Home > Natural Algorithms > Genetic Algorithms

Genetic Algorithms

September 4, 2010 Leave a comment Go to comments
Genetic algorithm works to find the "most blue image"

Image via Wikipedia

In a genetic algorithm, a population of strings (called chromosomes or the genotype of the genome), which encode candidate solutions (called individuals, creatures, or phenotypes) to an optimization problem, evolves toward better solutions. Traditionally, solutions are represented in binary as strings of 0s and 1s, but other encodings are also possible. The evolution usually starts from a population of randomly generated individuals and happens in generations. In each generation, the fitness of every individual in the population is evaluated, multiple individuals are stochastically selected from the current population (based on their fitness), and modified (recombined and possibly randomly mutated) to form a new population. The new population is then used in the next iteration of the algorithm. Commonly, the algorithm terminates when either a maximum number of generations has been produced, or a satisfactory fitness level has been reached for the population. If the algorithm has terminated due to a maximum number of generations, a satisfactory solution may or may not have been reached.

Genetic algorithms find application in bioinformatics, phylogenetic, computational science, engineering, economics, chemistry, manufacturing, mathematics, physics and other fields.

A typical genetic algorithm requires:

  • A genetic representation of the solution domain.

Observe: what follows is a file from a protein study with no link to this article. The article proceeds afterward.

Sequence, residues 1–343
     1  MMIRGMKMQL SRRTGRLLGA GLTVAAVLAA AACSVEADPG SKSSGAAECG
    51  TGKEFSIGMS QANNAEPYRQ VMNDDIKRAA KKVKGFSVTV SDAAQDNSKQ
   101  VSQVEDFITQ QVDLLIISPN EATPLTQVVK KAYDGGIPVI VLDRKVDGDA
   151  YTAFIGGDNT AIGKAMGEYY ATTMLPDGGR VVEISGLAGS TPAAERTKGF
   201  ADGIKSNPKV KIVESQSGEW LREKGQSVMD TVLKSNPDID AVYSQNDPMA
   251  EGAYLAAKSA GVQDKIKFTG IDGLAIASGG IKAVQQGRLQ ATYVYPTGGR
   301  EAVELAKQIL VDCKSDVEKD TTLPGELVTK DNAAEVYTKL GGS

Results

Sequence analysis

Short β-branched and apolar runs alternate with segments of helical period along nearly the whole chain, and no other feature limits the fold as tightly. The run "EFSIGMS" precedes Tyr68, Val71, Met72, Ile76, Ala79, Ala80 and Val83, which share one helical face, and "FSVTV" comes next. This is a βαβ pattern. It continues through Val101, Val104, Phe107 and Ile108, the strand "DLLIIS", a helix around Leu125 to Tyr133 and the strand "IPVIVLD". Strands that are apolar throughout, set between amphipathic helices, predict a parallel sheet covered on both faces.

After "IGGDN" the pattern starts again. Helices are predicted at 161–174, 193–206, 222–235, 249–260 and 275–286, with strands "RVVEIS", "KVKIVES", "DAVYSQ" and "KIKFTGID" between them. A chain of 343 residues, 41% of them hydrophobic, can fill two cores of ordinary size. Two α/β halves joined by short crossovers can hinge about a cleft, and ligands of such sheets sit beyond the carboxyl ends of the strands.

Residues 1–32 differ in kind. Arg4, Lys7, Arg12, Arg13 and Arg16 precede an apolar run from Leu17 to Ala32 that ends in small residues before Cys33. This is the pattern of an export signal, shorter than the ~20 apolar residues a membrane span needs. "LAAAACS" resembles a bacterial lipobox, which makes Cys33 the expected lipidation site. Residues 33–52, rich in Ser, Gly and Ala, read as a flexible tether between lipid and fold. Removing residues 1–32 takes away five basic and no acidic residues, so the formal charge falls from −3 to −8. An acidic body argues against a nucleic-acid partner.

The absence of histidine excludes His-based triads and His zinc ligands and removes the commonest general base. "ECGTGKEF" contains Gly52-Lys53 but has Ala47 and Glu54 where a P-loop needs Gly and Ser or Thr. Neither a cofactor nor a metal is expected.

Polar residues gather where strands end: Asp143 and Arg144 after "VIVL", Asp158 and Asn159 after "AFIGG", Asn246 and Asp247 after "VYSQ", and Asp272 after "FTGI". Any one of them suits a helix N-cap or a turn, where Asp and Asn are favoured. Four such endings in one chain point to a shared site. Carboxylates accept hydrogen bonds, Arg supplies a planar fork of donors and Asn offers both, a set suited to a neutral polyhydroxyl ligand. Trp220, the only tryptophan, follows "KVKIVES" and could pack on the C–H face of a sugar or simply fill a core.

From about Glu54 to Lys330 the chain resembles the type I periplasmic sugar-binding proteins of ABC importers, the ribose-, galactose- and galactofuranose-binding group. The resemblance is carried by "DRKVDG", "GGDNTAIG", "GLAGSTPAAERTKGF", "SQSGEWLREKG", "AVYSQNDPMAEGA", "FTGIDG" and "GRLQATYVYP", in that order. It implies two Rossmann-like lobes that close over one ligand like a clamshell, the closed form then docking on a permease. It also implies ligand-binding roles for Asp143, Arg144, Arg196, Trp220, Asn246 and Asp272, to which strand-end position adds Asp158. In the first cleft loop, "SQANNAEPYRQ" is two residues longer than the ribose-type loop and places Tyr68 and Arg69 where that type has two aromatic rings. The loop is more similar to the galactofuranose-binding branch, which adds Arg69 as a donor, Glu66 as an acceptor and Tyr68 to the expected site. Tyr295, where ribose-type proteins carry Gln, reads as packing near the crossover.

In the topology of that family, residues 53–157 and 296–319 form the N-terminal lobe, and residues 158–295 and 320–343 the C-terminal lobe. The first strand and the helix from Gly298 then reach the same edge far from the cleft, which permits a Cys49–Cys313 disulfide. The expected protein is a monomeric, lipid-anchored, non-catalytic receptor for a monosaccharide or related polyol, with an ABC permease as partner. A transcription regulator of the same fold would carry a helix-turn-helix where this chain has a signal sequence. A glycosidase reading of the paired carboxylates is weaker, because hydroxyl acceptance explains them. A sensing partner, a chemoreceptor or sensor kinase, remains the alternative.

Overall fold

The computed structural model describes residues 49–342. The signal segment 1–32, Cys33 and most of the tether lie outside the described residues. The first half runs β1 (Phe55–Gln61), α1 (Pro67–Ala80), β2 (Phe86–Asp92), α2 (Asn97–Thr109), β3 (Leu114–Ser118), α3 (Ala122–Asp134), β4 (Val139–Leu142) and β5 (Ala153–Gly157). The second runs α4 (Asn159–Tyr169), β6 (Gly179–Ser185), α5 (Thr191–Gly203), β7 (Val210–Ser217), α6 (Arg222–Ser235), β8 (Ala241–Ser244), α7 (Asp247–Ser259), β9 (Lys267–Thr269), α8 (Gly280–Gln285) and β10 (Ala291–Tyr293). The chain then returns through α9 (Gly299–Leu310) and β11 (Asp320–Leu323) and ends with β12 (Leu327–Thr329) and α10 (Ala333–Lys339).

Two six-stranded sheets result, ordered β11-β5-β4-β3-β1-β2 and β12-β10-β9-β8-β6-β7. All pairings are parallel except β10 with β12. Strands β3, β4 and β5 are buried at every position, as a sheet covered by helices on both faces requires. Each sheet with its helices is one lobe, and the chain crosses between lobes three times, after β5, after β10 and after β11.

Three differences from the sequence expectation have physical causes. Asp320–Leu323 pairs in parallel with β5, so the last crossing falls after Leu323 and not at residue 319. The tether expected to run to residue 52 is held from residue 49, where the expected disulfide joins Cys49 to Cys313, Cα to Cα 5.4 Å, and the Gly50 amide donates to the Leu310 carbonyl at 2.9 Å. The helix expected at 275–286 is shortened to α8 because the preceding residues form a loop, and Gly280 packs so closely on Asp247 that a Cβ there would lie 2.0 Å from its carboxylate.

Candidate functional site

• A fitness function to evaluate the solution domain.

A standard representation of the solution is as an array of bits. Arrays of other types and structures can be used in essentially the same way. The main property that makes these genetic representations convenient is that their parts are easily aligned due to their fixed size, which facilitates simple crossover operations. Variable length representations may also be used, but crossover implementation is more complex in this case. Tree-like representations are explored in genetic programming and graph-form representations are explored in evolutionary programming.

  1. No comments yet.
  1. No trackbacks yet.

Leave a Reply

Fill in your details below or click an icon to log in:

WordPress.com Logo

You are commenting using your WordPress.com account. Log Out /  Change )

Twitter picture

You are commenting using your Twitter account. Log Out /  Change )

Facebook photo

You are commenting using your Facebook account. Log Out /  Change )

Connecting to %s

%d bloggers like this: